Finally, however, pharmaceutical companies appear poised for a massive paradigm shift — powered by true PLM technology. There are two primary reasons this transformative change appears inevitable. First, a confluence of industry trends has rendered current approaches unsustainable. Second is the long-awaited emergence of CAD-like capabilities for pharmaceutical manufacturers.

Among the industry trends, the most significant is the dramatic rise in outsourcing to CMOs. Pharma companies accelerate time to market and reduce production costs through these partnerships, but lose visibility into the critical details of product manufacturing — sacrificing accountability and control over quality management. There is also the challenge of technical transfers, accompanied by the risk of knowledge loss.

Even internally, companies can have trouble retaining core product knowledge in these times of increasing employee turnover. Related to this concept, growth by acquisition helps to maintain information silos.

Meanwhile, expectations for technology and information access have changed over the past 30 years in the consumer and commercial sectors. Archaic document-based systems do not meet those expectations, and cannot serve the needs of an industry increasingly populated by personnel raised in the digital age.

As these challenges mount, the foundational technology to enable true process PLM is finally emerging. At last, pharmaceutical manufacturers have their CAD equivalent — digital process design and simulation technology that integrates directly with existing systems including Manufacturing Execution Systems, Distributed Control Systems, data historians and even Enterprise Resource Planning systems.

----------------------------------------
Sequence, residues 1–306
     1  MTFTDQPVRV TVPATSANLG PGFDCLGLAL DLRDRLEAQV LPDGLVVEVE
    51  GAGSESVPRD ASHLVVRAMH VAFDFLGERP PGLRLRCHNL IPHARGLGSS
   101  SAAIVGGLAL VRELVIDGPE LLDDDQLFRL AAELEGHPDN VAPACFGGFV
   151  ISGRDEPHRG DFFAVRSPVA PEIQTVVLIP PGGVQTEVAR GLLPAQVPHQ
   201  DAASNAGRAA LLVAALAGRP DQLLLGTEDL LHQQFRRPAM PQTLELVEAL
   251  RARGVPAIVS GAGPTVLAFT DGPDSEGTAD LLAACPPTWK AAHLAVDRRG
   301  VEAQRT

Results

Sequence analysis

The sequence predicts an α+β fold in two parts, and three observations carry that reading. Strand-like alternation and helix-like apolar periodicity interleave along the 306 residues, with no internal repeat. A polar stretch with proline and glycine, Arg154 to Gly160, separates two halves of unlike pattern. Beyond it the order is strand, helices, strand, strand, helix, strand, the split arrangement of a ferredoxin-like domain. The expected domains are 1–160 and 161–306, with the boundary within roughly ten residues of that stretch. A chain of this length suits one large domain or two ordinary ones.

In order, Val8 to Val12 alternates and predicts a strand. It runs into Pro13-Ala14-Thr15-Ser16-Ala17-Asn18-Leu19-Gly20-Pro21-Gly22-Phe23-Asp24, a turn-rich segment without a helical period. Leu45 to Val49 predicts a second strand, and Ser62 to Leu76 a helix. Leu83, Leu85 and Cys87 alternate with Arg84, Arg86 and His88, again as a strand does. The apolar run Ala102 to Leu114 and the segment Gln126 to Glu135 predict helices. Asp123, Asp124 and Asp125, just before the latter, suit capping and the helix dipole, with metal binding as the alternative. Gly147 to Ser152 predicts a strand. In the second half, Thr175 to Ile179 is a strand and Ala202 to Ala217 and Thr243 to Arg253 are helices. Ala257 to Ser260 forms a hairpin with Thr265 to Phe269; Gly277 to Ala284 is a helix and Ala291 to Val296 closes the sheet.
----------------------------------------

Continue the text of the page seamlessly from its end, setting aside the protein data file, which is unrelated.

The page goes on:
True process PLM is now within reach, with the digital design serving as the central structure driving all systems. (I am referring to the product design in the discrete world and its analog in the process industries, the manufacturing process design.)

The digital process design can then become a powerful framework that connects all aspects of the product lifecycle, enabling drug manufacturers to:

Optimize production planning — Pharmaceutical companies will be able to easily compare the impact of different processes and production scenarios, while greater scheduling visibility enables CMOs to maximize asset utilization.

Automate the configuration of shop-floor systems — This will eliminate the inefficiency and risk associated with manual processes, and enable CMOs to more quickly begin manufacturing new products or change over from one product to another.

Enable fast, accurate production data analysis — Execution data can be automatically mapped back to the design, making it much easier to verify the recipe is being executed according to plan.

The end result: Timely data analysis will inform process improvements and other business decisions, creating a closed loop — the “holy grail” of manufacturing integration. At last, all stakeholders will be united around a “single version of the truth.” Seamless information sharing can streamline and accelerate manufacturing while enabling ongoing process and business optimization. Companies can improve both product quality and profit margins as a result. Ultimately, with scientists free to focus more on their core work, today’s document-based approach will give way to a new paradigm — focused on science and innovation rather than documentation.